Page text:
A couple of weeks ago I was part of a life-altering event.
Lucy (my girlfriend), a social worker based in Burton/Tamworth, decided on the off-chance that she would apply for a job with the Worcestershire County Council. She did this based around the idea of getting experience of applying for jobs and interviews, as she knew she wanted to leave her current position at some point, although maybe not just yet, and, I mean, she was sure she’d never even get an interview…
…but she did get an interview, and she went to the interview, and impressed them so much that they phoned her less than 2 hours later offering her the job, after having blown the competition out of the water.
Anyway, all of a sudden, my life got flipped-turned upside down, and before I knew what was going on, I was making plans to not only vacate my current residence in Birmingham for pastures greener in Worcester, but preparing to move in with my girlfriend for the first time.
Anyway, all of this preamble and rubbish is here to justify the telling of the legend of Dan’s Hole. Told by my good friend Cos, the only surviving witness to the events which took place. Enjoy:
Once, long ago, in 2007, there was a Great Flood. The settlement of St. John’s was completely cut off from Mainland Worcester. It was a dark time; people couldn’t go to work, consumers couldn’t reach the city’s retail establishments, children couldn’t go to school. There was no way across.
Some enterprising and fun-loving students at the local academic institute enjoyed kayaking on the racecourse which was now its own lake. But, with traffic utterly stopped, it seemed that the way into Worcester was all but destroyed.
Until one night. On one fateful night, after some knock off Lambrini, two brave knights looked at the flood waters and said “Nay, this is merely a trifle” and vowed to cross the uncrossable depths. Loaded with courage, vim, and deeply unpleasant, overly sweetened fizzy wine-derived beverage, the two men set off.
It wasn’t long before the two were waist deep in the murky waters of the Severn, taking on this terrifying gauntlet in good spirits. However, while the levels of the water were one thing, the murkiness of the water was another thing entirely. Visibility, especially under the sole lights of the dim moon, was at a low, and with bravery comes capriciousness and a dangerous lack of caution.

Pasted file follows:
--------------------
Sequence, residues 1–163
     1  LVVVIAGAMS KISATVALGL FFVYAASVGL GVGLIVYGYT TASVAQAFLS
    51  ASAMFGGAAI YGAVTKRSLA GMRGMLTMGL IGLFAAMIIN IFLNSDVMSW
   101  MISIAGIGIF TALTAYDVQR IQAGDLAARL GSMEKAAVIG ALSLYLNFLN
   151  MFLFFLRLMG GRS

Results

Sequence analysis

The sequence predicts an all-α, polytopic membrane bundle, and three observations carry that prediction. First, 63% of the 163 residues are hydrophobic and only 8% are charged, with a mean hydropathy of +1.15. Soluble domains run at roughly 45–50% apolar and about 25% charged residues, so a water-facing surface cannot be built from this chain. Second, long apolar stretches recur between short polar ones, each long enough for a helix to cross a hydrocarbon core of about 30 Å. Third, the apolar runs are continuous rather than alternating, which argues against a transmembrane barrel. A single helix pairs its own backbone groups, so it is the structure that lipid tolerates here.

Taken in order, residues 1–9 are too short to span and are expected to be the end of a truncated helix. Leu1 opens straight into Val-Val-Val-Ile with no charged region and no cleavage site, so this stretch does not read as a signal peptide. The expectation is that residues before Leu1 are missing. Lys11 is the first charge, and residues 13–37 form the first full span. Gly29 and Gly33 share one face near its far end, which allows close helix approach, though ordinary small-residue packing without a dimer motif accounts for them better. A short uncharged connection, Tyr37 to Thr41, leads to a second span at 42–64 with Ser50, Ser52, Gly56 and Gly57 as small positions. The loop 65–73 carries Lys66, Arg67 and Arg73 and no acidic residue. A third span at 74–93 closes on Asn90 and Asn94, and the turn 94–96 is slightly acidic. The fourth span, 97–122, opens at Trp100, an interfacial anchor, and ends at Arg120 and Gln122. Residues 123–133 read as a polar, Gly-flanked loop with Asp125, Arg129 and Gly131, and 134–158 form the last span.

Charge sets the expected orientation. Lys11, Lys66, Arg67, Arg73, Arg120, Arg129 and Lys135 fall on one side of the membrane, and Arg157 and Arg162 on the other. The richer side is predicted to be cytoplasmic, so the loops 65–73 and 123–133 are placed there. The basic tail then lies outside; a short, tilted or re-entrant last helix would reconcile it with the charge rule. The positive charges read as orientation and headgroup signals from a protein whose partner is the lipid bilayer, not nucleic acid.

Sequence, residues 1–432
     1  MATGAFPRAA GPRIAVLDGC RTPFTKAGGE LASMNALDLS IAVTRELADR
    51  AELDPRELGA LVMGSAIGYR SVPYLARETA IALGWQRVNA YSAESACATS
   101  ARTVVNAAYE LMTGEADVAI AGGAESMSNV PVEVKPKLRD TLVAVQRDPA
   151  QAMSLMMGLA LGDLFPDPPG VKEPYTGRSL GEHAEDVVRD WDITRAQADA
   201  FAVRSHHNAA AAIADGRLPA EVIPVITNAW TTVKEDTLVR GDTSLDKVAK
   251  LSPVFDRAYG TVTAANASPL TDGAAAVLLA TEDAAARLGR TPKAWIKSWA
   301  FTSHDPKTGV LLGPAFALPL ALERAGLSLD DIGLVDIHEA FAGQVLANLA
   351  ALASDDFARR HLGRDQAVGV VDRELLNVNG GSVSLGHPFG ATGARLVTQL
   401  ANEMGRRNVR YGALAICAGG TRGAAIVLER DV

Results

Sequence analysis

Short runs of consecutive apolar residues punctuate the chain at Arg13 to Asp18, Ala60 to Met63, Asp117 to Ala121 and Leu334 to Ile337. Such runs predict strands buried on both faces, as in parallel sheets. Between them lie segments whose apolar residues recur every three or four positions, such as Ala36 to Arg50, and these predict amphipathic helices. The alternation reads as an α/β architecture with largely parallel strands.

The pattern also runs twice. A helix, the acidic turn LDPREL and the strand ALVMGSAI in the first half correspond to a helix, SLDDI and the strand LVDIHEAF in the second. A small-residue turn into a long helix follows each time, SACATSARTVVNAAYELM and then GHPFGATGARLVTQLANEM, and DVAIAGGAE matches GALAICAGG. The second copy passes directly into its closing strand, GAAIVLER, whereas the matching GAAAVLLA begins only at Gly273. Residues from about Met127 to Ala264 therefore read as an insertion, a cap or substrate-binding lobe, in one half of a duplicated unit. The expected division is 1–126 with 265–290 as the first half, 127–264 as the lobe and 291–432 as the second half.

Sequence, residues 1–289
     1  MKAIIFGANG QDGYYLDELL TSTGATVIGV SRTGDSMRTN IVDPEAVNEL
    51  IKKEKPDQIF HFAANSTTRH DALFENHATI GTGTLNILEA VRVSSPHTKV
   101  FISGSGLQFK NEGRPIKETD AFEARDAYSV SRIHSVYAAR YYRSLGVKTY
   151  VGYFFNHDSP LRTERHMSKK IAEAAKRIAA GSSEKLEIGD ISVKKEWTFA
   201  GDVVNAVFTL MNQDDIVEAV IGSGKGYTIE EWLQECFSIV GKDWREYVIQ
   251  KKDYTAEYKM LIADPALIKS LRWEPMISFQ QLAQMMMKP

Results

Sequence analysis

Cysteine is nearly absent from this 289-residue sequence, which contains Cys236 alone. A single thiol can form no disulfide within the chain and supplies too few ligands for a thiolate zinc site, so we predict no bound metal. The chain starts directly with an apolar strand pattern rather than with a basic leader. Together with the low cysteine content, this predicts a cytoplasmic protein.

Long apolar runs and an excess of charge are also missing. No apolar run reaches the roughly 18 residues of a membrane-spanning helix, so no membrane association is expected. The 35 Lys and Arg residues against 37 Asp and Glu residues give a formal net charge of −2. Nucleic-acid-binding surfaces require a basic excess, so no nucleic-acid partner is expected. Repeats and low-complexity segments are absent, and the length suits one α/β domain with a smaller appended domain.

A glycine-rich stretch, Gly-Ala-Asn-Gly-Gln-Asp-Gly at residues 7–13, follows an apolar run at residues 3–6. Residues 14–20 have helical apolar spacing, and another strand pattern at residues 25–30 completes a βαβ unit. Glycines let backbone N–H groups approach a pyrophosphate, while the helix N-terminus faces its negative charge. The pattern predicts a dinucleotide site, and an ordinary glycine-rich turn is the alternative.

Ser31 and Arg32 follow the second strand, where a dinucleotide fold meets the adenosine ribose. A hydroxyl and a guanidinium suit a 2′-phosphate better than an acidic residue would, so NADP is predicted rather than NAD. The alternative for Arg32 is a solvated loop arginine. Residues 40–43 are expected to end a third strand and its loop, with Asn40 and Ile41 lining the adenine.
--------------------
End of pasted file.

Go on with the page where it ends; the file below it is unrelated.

That the flooded road into the mainland was uneven and sloping presented an unusual illusion; whilst walking side by side, our two adventurers appeared as though they were travelling the same road. They were not. Unbeknownst to Sir Daniel, of the clan Hollands, he was walking upon a raised brick wall. Cos, of the clan Ryan, was on the stable road. This situation was not an issue, until the wall ended.
Suddenly, without warning, Sir Daniel reached the end of the wall and his body acted as any body would when faced with the uncompromising force of gravity; the floodwaters up to the chests of these brave souls, in a split second Sir Daniel sank beneath the dark, cold depths.
Cos looked around, shocked, terrified, not knowing the fate of his trusted companion. For less than a second, he felt for sure his friend was gone.
Then, shocked, wet and nonplussed, Sir Daniel arose from the waters like a magnificent dolphin, his camera utterly fucked, at which point Cos burst into seemingly unending and almost painful laughter at his friend’s hilarious misfortune.
Following this, the two brave adventurers made it into town, ignored the looks they received from all passersby, bought some fried chicken and sat on a bench with water up to their waists, enjoying the hot, greasy meat and unique ambience.
Their lives went on after this, and the two went on to have many more adventures. But they have never, and will never, forget the dangerous natural hazard that became known as Dan’s Hole.